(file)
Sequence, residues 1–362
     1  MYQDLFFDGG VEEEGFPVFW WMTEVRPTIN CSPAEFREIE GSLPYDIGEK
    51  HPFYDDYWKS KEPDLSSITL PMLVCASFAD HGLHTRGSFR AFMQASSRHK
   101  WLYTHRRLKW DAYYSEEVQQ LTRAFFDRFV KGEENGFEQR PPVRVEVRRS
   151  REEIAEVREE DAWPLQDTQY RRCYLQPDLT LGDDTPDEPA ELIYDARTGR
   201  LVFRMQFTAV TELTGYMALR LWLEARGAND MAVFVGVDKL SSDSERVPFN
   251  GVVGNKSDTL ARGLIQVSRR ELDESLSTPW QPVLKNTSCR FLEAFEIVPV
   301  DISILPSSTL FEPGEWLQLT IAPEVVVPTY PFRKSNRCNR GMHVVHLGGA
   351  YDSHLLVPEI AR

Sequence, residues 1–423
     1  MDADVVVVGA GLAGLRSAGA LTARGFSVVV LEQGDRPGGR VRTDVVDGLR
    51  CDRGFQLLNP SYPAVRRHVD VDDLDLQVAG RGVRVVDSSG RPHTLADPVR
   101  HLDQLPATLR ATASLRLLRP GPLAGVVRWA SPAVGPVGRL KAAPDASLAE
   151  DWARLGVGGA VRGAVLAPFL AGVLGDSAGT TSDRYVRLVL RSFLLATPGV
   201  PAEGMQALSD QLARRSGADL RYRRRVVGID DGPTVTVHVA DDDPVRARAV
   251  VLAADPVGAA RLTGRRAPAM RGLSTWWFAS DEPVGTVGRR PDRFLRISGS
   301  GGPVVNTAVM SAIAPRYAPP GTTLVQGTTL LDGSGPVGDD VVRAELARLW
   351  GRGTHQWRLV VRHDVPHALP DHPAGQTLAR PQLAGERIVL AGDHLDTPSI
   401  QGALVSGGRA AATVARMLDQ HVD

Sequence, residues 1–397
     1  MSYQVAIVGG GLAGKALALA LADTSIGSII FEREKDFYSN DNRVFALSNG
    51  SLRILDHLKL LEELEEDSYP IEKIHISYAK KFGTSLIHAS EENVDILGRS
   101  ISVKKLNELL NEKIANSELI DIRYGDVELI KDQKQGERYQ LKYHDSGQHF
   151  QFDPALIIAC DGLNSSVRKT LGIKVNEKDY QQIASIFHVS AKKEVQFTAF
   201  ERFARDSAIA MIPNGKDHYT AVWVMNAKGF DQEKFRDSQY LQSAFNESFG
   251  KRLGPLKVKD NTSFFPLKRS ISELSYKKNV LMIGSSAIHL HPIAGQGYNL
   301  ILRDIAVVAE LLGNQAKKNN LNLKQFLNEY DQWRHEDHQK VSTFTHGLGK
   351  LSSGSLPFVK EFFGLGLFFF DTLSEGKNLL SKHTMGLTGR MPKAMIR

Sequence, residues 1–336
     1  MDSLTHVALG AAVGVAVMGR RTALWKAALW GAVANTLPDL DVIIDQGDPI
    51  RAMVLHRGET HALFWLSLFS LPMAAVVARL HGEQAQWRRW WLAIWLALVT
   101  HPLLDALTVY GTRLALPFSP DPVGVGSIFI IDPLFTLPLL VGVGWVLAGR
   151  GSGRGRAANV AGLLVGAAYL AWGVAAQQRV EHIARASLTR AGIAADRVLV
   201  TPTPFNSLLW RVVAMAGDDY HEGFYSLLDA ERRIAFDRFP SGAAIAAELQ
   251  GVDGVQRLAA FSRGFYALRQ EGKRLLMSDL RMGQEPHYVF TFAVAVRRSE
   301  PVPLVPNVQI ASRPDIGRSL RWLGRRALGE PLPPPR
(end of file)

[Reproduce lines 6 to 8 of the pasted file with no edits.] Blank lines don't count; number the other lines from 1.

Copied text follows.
   201  LVFRMQFTAV TELTGYMALR LWLEARGAND MAVFVGVDKL SSDSERVPFN
   251  GVVGNKSDTL ARGLIQVSRR ELDESLSTPW QPVLKNTSCR FLEAFEIVPV
   301  DISILPSSTL FEPGEWLQLT IAPEVVVPTY PFRKSNRCNR GMHVVHLGGA